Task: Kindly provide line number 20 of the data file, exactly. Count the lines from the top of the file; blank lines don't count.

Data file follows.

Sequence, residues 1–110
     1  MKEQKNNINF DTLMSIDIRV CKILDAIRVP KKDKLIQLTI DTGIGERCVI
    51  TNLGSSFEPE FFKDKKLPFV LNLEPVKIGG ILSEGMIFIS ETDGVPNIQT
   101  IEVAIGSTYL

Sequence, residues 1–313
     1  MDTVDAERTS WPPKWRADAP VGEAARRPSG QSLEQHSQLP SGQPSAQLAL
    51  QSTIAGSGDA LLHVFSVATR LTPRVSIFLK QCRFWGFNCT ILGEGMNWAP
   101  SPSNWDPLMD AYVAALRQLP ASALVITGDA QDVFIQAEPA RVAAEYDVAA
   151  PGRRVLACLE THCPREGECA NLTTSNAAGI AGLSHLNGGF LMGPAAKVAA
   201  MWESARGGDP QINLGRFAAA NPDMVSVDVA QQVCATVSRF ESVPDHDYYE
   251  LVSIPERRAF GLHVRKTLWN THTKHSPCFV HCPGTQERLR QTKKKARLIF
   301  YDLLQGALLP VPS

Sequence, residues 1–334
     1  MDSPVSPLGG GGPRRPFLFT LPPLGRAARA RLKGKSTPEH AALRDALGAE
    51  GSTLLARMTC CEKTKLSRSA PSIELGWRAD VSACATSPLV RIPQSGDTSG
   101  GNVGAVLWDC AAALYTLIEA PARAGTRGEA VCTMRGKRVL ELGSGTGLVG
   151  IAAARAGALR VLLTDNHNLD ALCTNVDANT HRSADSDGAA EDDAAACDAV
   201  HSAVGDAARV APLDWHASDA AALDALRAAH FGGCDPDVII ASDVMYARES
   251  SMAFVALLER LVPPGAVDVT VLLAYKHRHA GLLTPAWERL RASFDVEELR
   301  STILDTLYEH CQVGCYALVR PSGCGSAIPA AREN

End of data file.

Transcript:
   301  STILDTLYEH CQVGCYALVR PSGCGSAIPA AREN